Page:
Today on Oct. 8, the Supreme Court of the United States has begun hearing details of three different cases detailing claims of workplace discrimination against various members of the LGBTQ+ community. As reported by Them., this could prove to be a landmark case, providing protections for transgender individuals and those with same-sex attractions by categorizing them under Title VII of the 1964 Civil Rights Act. It would prevent employers across the country from firing or refusing to hire people because of their identification as LGBTQ+, another milestone since the Supreme Court’s 2015 ruling legalizing same-sex marriage. 

I am admittedly looking at this case with a healthy dose of trepidation. The court is balanced in favor of more conservative policies, and with Trump-appointed judges Kavanaugh and Gorsuch on the bench, I am not taking for granted the idea that this will turn out the way I would like. 

It could go either way, and as a young gay woman on the cusp of fully joining the workforce for the first time, the implications of this case terrify me. But I also know that I live in an area of the country that is more tolerant than most, and in some cases are actively looking to welcome people like me into their ranks. I can pass easily as well; I don’t adhere to many stereotypes that can be associated with a queer person, though that could be easily dispelled just by talking to me. 

This is all to say that while I worry on a personal level about what a case like this could mean for my own professional future, I worry also for those without the advantages I have. I think of the LGBTQ+ people of color, especially transgender women, 18 of whom have been killed this year alone as reported by the Human Rights Campaign. They have to worry about a constant threat to their lives, let alone the possibility of being fired from their jobs. These people that began the struggle for equality in the mid-twentieth century are why we even have the opportunity to argue this case to begin with and who have the most to lose with each day that passes without these protections. I worry for these members of my family, my chosen family, who I don’t know every member of, but who are affected in equal measure by what the Supreme Court decides. They do not deserve to be stripped of opportunities to make a living because of who they are.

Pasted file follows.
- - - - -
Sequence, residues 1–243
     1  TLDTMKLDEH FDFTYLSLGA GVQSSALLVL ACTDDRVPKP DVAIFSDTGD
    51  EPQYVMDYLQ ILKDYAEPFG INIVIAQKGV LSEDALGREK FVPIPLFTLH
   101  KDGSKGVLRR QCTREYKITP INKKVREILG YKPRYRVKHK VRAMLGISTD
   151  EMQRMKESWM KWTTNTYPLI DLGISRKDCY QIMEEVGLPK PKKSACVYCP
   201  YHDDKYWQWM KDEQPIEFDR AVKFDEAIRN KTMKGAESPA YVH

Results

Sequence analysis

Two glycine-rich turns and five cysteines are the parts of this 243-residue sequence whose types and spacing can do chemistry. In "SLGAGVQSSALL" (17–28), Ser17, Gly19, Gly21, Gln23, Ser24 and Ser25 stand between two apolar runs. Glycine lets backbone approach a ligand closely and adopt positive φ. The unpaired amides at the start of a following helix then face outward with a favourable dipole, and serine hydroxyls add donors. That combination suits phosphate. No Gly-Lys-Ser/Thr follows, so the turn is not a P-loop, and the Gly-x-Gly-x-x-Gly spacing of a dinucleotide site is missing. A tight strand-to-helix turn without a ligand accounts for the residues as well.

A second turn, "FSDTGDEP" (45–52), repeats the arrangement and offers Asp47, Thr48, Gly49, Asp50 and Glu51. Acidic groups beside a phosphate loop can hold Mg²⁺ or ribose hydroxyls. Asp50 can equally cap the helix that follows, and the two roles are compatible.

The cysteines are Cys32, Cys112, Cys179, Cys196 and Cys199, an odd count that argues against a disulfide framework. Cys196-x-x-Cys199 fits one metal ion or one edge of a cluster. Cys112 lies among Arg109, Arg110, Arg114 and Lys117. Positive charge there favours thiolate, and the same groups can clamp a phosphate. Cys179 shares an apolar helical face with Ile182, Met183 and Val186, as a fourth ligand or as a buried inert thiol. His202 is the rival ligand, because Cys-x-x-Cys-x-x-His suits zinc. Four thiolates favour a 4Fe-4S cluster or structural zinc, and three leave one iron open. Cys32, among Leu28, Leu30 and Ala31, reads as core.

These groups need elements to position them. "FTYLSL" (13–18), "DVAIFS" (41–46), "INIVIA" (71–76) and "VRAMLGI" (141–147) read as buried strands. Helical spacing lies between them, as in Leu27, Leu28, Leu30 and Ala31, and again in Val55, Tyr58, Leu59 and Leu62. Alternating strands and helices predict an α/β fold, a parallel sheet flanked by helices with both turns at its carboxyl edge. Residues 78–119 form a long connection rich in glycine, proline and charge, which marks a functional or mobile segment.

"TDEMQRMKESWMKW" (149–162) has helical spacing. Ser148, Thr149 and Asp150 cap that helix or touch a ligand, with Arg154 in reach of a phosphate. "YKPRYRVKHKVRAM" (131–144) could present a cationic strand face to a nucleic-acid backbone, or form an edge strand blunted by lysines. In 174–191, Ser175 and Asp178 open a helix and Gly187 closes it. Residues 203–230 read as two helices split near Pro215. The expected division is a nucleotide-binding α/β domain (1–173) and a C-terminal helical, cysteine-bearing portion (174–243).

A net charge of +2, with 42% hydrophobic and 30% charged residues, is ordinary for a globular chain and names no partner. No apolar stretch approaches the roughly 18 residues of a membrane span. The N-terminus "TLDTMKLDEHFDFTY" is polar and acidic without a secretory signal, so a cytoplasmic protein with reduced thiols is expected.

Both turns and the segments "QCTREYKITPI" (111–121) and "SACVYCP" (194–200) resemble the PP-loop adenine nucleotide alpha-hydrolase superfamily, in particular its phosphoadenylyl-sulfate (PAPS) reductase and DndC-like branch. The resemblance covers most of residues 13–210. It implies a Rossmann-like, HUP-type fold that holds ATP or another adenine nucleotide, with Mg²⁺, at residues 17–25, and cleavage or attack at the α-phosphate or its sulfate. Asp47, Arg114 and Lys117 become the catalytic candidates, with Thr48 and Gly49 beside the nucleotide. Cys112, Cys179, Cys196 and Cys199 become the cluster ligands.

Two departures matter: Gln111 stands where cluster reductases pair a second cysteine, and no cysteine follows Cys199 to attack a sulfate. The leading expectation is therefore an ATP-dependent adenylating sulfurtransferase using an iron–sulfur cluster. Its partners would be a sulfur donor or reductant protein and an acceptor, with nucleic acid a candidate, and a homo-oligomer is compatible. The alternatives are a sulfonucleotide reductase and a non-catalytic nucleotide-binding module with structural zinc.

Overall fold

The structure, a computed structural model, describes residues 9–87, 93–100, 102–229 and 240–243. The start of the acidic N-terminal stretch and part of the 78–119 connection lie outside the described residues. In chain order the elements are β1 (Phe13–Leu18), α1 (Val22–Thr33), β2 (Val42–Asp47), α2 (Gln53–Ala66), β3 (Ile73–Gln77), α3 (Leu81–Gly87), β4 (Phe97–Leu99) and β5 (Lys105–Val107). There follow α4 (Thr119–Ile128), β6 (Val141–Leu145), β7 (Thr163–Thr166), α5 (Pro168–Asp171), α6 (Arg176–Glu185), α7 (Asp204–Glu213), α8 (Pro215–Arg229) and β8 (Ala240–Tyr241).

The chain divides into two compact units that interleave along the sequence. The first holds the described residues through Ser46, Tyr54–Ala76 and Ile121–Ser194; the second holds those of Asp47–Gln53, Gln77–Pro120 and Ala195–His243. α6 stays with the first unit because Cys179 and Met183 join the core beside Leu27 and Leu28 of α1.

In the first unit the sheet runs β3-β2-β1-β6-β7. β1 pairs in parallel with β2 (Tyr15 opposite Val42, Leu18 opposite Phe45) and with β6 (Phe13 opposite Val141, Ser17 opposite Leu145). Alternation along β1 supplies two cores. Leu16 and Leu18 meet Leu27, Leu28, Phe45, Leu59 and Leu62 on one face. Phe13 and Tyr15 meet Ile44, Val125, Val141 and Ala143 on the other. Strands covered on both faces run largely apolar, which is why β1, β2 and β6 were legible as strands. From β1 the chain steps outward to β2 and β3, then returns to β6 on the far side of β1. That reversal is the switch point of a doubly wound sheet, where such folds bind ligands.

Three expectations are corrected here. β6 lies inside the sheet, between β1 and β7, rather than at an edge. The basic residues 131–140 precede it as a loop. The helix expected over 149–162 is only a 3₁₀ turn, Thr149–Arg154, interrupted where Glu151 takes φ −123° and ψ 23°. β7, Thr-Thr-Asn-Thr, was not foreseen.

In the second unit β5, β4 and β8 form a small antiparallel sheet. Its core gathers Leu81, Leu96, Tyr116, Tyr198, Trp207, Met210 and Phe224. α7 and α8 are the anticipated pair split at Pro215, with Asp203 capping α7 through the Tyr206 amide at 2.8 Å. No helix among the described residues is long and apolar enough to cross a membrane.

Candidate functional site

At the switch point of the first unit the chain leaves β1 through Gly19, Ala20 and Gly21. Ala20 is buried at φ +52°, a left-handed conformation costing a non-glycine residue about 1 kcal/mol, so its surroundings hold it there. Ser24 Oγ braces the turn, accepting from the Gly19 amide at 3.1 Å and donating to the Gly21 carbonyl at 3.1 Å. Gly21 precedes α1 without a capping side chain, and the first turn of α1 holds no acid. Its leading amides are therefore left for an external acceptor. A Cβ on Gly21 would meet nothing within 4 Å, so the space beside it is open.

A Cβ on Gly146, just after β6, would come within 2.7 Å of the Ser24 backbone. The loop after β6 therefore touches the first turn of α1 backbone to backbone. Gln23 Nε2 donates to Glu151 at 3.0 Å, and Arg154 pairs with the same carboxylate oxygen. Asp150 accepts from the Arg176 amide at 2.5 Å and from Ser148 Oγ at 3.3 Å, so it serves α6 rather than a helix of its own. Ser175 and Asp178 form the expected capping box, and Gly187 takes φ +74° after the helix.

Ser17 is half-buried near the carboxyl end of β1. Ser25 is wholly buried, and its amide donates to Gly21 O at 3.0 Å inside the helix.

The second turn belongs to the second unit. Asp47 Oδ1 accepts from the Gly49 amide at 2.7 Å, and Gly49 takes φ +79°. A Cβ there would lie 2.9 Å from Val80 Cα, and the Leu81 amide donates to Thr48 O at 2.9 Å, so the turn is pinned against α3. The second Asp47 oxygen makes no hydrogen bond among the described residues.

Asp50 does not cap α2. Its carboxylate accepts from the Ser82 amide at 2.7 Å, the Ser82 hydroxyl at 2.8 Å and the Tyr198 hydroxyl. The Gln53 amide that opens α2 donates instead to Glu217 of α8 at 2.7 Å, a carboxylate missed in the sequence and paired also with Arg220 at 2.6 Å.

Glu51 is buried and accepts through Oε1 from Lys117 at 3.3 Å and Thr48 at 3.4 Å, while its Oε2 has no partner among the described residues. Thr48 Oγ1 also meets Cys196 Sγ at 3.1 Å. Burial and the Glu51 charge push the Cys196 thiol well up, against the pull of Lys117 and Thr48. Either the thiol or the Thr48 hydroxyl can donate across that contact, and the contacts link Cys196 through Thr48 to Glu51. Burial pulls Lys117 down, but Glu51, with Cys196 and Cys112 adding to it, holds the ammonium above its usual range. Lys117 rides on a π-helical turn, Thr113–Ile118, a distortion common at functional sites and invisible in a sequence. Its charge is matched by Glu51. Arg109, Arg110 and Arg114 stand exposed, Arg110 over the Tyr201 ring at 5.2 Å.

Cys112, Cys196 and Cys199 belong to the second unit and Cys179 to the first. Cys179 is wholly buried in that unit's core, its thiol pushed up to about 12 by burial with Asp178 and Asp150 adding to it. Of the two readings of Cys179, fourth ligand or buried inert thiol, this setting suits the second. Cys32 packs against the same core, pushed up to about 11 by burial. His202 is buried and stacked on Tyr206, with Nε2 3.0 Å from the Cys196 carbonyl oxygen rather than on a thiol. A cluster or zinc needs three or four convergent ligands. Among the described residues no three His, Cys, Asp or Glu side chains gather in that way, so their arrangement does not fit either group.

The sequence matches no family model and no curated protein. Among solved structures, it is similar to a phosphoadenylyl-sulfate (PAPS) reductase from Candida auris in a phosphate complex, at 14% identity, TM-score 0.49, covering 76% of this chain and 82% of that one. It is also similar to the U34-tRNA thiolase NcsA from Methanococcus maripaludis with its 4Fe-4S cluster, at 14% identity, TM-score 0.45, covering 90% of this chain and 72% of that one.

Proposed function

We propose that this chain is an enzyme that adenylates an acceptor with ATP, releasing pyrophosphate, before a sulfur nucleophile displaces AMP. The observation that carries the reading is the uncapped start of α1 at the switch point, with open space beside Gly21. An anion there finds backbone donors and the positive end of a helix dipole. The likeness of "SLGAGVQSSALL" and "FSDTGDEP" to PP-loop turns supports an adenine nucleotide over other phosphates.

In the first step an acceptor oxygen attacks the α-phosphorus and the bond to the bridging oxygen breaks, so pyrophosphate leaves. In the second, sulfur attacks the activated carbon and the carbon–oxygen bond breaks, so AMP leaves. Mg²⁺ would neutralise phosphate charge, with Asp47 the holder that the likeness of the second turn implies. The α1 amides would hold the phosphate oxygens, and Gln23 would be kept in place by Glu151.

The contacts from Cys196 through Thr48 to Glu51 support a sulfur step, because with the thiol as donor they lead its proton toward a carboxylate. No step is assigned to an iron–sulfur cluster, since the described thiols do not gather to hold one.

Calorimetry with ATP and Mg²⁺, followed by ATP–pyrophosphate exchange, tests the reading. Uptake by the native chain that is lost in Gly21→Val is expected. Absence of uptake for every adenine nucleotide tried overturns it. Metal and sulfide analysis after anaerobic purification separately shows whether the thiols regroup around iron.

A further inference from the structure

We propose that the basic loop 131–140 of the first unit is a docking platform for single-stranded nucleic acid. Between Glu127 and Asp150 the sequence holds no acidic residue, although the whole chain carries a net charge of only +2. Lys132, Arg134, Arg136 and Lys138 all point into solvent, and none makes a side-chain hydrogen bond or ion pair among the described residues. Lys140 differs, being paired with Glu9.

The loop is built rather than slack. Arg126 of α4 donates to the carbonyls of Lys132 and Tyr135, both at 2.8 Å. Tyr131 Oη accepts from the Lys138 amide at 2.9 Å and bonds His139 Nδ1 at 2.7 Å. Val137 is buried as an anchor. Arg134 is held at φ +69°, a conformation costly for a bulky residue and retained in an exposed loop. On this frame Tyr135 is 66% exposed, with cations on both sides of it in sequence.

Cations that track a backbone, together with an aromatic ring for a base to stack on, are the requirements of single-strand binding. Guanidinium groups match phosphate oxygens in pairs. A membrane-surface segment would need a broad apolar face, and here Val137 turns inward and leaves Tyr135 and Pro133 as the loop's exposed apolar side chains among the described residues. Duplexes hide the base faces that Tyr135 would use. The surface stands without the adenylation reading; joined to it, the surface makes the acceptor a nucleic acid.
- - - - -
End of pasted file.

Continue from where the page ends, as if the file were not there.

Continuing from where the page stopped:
It is one of the greatest joys of my life to be part of the LGBTQ+ community, to further understand what that means in this current age and what our history looks like. I don’t expect every person to understand exactly why I take such pride in this, as I don’t believe it is possible without such a personal connection. But I do wish for empathy in this case for my chosen family, for them to be seen as people worthy of dignity and to be treated with the respect given to every straight, cisgendered person in this country. After years of struggle, they are owed that at the very least. 

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-- Emeritus Editor in Chief-- Communication

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